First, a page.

Each problem author has a victim complex, has some major issue each week or month—sometimes every day—and they lean on me to take care of stuff above and beyond what they pay for. Like the men I worked with who couldn’t be bothered with helping with clean up when they had a female around to just do it for them. Or the kids who can’t be bothered to take their own dishes to the sink for me to wash them because, well, they’re kids. That all sounds perfectly reasonable. Right?

You know what? I loved working for my authors. For a bit. I felt like I was helping them grow and it was great. I couldn’t be a mom, but I could help them. It was my passion. I was living a dream.

The only thing was, those authors didn’t learn how to walk on their own. They didn’t launch. They just kept abusing me. And when I said stop, they just found others to abuse instead, while warning other authors not to use my services because I stood up for myself, which is the number one thing you’re not allowed to do in this industry.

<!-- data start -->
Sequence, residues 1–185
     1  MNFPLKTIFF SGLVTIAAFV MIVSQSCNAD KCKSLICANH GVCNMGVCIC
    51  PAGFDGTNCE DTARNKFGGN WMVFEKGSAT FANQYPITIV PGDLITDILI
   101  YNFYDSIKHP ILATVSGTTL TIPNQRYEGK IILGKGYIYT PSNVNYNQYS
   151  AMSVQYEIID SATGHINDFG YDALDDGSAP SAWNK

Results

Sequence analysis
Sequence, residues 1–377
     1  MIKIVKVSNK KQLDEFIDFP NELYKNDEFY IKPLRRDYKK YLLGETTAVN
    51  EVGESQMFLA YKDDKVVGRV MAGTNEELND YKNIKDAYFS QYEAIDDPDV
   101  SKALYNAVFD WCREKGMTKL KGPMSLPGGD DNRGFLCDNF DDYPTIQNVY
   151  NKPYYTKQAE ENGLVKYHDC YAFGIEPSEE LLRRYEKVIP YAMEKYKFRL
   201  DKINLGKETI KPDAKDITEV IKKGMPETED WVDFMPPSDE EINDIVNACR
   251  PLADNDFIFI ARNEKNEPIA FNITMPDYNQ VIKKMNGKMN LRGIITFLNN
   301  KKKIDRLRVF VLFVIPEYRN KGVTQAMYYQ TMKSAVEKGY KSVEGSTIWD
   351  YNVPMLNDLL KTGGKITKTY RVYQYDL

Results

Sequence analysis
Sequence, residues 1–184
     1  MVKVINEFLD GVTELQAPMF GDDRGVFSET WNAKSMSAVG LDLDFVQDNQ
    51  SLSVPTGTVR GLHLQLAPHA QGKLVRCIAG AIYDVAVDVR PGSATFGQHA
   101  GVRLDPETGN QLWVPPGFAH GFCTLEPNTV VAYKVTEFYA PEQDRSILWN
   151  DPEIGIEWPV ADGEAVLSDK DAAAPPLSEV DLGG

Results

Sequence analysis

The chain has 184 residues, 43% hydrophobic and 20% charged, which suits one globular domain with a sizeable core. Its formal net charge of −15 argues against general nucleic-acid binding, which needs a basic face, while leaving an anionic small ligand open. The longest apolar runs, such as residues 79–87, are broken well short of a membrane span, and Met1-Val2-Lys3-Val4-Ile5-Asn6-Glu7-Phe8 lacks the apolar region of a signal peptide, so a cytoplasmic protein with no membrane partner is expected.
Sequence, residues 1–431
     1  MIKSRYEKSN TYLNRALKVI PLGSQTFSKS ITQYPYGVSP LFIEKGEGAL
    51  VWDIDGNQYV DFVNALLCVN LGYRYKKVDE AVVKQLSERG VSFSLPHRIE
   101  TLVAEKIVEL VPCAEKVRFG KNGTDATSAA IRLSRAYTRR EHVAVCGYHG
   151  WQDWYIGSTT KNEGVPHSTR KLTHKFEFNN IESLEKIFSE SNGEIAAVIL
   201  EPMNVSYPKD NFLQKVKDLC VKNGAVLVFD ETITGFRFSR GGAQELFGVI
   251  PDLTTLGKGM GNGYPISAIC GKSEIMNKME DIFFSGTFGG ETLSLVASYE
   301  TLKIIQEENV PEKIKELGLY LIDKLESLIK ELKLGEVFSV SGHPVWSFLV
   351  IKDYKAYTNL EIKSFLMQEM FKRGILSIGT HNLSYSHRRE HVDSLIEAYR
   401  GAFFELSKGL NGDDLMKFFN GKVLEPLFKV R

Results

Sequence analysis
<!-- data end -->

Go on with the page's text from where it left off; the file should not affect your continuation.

I’m not supposed to talk about it. As a service provider, that’s not something that can ever be said out loud. I can’t mention names. I can’t mention the instances. I can’t defend myself. I have to remain a voiceless person.

That’s what life was like when I was living with my mom. You know, the one who verbally, emotionally, mentally, and financially abuses everyone around her—except my kids—and who took my kids because I “made everyone uncomfortable” and they “didn’t feel safe being around me,” and she was “just better suited to this because she’d raised two girls already.” She also abused my drive to help people—her—and told me I couldn’t tell anyone what had happened—not what she’d done. What had happened—what was said, what was done. And every time I disobeyed and talked, she’d twist the story to her favor, making me look like the bad guy while she remained the victim.